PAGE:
Eastern Redbud

Eastern redbud blossoms (Cercis canadensis)

Eastern redbud (Cercis canadensis) is also called the Judas tree which appears to be in reference to the tree seeming to blush for having been the tree upon which Judas hanged himself. [1]

It is a small deciduous tree that reaches a height of about 20 to 30 feet.  It generally has a single trunk, but can be multi-trunked as well, especially if the tree has been mowed down to the ground at any time, or eaten to the ground by deer and allowed to regrow from the roots.

It occurs naturally in the shade of woodlands, mesic hammocks, and roadsides.  It can be found in riparian woodlands, but high enough from the waterline to be in well-drained soils.

In the home landscape it grows in part shade to full shade with average to moist soils. It is an understory tree so can be grown under larger trees such as live oaks or cedars. Eastern redbud is a beautiful addition to the landscape and is gorgeous paired with the white blooms of the dogwood tree. Redbuds are a common site in southern lawns and landscapes, but generally go unnoticed unless in bloom in the late winter and spring.

The heart shaped leaves are alternate with entire margins and are 7 – 12 cm long.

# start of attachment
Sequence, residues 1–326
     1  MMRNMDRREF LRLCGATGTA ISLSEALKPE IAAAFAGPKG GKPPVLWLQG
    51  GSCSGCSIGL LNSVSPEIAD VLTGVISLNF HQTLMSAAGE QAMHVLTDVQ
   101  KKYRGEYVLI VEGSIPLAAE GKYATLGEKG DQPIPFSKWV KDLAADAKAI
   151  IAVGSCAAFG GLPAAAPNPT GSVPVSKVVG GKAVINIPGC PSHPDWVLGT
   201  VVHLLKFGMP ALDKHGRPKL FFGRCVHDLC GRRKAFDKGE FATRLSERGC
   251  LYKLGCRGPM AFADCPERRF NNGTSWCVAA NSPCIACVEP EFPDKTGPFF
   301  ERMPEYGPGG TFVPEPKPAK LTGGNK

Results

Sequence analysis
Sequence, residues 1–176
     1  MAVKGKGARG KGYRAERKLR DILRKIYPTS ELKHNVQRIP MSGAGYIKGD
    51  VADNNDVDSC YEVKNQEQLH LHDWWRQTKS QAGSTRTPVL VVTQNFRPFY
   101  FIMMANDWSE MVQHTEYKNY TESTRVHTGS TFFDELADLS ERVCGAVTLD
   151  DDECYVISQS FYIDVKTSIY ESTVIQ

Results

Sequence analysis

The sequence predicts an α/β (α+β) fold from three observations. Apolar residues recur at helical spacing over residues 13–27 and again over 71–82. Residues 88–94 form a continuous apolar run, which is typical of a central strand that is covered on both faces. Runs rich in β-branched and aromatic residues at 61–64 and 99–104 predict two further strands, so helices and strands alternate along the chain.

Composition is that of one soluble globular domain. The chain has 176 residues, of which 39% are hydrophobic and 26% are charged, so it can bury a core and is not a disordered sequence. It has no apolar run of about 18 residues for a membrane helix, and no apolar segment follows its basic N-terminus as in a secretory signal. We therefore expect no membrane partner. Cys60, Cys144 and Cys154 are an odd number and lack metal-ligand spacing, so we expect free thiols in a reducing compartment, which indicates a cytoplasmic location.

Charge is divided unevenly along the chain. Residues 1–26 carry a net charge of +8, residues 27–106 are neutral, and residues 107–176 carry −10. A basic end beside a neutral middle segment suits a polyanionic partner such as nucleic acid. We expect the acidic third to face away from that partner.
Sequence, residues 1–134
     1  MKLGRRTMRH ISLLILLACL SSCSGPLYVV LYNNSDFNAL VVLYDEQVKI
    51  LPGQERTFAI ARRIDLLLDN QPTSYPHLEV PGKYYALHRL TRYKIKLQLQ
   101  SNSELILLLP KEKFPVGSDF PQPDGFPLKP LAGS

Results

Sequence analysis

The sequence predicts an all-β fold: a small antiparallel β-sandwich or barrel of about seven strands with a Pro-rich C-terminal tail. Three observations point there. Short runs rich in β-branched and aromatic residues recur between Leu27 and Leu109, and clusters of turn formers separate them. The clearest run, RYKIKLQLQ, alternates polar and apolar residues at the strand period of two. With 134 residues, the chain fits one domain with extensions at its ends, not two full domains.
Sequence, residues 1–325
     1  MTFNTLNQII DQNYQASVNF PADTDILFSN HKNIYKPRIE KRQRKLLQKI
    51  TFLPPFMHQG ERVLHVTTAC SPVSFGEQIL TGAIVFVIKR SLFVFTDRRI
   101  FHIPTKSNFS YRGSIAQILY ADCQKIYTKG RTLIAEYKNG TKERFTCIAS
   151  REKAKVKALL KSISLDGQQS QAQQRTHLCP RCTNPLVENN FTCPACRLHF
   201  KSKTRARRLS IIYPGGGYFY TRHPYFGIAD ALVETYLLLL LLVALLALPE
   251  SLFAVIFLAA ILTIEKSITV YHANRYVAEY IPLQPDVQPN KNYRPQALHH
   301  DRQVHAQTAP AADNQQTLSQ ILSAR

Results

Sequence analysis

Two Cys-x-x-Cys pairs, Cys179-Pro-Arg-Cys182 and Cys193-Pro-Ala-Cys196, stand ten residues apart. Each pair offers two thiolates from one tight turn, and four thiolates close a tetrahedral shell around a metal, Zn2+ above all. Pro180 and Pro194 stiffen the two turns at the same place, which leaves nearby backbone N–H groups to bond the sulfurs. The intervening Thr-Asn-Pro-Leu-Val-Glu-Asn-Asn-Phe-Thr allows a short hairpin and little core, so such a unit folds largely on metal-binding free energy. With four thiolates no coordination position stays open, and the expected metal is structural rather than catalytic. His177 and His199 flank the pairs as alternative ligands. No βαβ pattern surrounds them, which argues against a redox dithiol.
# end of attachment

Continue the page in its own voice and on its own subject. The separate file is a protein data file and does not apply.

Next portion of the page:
The flowers of Eastern redbud appear in late winter, which is February and early March, in central Florida. The flowers appear in clusters of beautiful magenta blossoms. They are bisexual and are 10 – 12 mm in length. The flowers emerge on bare branches before the tree leafs out. The flowers can be eaten raw and are a beautiful addition to a green salad.

an Eastern redbud tree (Cercis canadensis) on a roadside
Eastern redbud leaves (Cercis canadensis)

The seed are flattened bean shaped pods that are 6 – 10 cm in length. They are bright green when immature and brown when mature. Very young pods can be eaten if cooked.

It grows from Canada south to Florida and west to central Texas. It is native to: AL, AR, CT, DC, DE, FL, GA, IA, IL, IN, KS, KY, LA, MA, MD, MI, MO, MS, NC, NE, NJ, NM, NY, OH, OK, PA, SC, TN, TX, VA, and WV.

It grows in garden zones 5 – 9.

 

Propagation is achieved most commonly with seeds because the cuttings are generally difficult to get going. The seeds should be soaked in water for at least 24 hours prior to planting. Place your seeds in a heat proof container and pour boiling water over them and allow them to soak overnight. The seeds should double in size if they have absorbed enough water. Any that are still hard should be soaked longer. Eastern redbud seeds do need a period of cold stratification which can be achieved by placing them in a refrigerated space, or outside in the fall and winter, for at least two months.

[1] Emerson, Arthur, and Clarence M. W.. Our Trees How to Know Them. J. B. Lippincott Company, 1946.